New deal means Todd Bowles can say goodbye to hot seat (kind of)

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Bruschi: Bowles is a 'solid head coach who knows what he's doing' (1:10)

Ted Bruschi explains that the Jets are smart to extend Todd Bowles' contract through the 2020 season because he gets the most out of his players. (1:10)

FLORHAM PARK, N.J. -- Clearly, Christopher Johnson is all-in with Todd Bowles and Mike Maccagnan.

Ignoring the 5-10 record and focusing on the big picture, the New York Jets' acting owner delivered a strong statement Friday by announcing two-year contract extensions for his coach and general manager.

This means MacBowles is under contract through 2020.

For Bowles, it means he won't have to begin next season on the hot seat. Tacitly, a one-year extension would've created a playoffs-or-bust feel in 2018. Johnson is sending a different message with a two-year extension, but don't be fooled into thinking Bowles was handed another mulligan. The new deal doesn't make him fire-proof; he must continue to show progress. At least he won't have to stress over security, assuming the added two years are fully guaranteed and not funny money based on incentives.

What a turnaround. In September, Bowles was Dead Man Coaching. The anti-Bowles crowd will scream he didn't deserve the extra year. Evidently, Johnson has seen enough to believe he's the right man for the job.

In his first major moves as the boss, Johnson wisely opted for continuity and stability, demonstrating the kind of patience required to run a franchise. If he had fired one or both men, the Jets would've been in starting-over mode again.

Bowles and Maccagnan deserved the chance to continue the massive rebuilding project that started 11 months ago, when they began gutting an old and overpaid roster that included too many fat cats and headaches.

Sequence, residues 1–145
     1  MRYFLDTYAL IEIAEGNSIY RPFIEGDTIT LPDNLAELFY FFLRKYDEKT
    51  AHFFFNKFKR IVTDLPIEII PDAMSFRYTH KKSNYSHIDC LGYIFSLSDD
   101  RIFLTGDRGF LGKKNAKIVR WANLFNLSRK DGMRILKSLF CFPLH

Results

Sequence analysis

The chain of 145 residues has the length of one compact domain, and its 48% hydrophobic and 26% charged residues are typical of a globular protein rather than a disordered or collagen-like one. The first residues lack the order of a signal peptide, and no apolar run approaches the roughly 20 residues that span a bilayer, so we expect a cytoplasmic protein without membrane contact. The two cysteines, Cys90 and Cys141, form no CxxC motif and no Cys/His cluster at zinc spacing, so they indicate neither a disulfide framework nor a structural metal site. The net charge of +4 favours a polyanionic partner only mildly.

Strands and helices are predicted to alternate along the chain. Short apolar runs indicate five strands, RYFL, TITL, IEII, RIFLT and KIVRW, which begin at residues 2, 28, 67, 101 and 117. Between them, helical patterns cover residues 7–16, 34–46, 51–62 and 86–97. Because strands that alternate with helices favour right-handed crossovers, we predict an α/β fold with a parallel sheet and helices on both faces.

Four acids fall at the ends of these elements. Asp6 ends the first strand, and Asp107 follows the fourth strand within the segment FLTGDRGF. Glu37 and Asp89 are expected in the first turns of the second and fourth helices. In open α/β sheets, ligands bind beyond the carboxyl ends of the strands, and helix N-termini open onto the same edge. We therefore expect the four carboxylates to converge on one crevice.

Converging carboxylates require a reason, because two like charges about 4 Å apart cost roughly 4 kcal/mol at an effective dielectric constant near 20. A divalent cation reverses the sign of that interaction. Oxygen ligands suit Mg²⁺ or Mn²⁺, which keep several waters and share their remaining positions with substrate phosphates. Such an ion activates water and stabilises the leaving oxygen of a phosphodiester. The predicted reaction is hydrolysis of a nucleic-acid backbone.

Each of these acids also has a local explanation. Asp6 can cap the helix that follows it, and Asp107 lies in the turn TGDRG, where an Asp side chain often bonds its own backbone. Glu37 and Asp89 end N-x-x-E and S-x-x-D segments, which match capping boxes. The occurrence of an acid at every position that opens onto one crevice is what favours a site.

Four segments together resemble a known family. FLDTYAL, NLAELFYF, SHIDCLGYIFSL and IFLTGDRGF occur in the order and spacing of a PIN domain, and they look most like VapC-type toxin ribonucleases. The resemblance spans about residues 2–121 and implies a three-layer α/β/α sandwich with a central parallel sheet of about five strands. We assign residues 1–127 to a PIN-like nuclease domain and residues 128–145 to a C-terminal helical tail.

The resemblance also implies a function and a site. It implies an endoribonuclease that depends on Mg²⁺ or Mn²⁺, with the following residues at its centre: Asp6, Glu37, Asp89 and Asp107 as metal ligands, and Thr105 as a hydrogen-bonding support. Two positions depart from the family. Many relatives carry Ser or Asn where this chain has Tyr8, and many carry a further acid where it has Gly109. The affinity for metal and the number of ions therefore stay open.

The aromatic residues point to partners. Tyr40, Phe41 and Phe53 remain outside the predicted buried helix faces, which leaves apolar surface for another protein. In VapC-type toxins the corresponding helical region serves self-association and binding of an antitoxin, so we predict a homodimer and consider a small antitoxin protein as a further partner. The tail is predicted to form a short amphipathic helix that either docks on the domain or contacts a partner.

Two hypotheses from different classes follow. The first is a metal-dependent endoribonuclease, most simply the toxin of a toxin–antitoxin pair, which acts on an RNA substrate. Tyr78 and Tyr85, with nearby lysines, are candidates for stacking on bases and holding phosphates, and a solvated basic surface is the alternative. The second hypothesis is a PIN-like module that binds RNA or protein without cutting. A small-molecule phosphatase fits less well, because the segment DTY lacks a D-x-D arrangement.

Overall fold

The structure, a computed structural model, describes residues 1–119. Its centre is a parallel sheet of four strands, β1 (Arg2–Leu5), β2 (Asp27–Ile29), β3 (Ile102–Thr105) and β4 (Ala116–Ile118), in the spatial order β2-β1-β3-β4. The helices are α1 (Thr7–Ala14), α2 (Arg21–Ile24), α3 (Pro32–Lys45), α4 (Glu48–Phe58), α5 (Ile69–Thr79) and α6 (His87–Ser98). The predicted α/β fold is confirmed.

No one expected them to make the playoffs this season. Heck, no one expected them to win more than four or five games. They were supposed to be in contention for the No. 1 overall pick, but they've managed to squeeze five wins out of a flawed roster.

It wasn't lip service when Johnson said in September that his evaluation would be based on progress, not won-lost record. Good thing for Bowles and Maccagnan the newbie boss is a man of his word. If not, they'd be toast, because the Jets have lost 21 of their last 31 games, including eight of the last 10.

Bowles did what his boss wanted. He improved the coaching staff, changed the culture, developed some young talent and built a cohesive team that plays hard every week. He didn't pass the test with flying colors -- too many bad fourth quarters -- but he passed it and earned another shot.

But now he has to improve, especially in the area of game management. He has to clean up the penalties and figure out a way to get the Jets to perform in the fourth quarter.

Maccagnan's No. 1 job is obvious: find a quarterback who can stick around for more than a year. He missed with Bryce Petty and Christian Hackenberg, and now the pressure is really on. If he fails, he won't see the end of this contract. Neither will Bowles.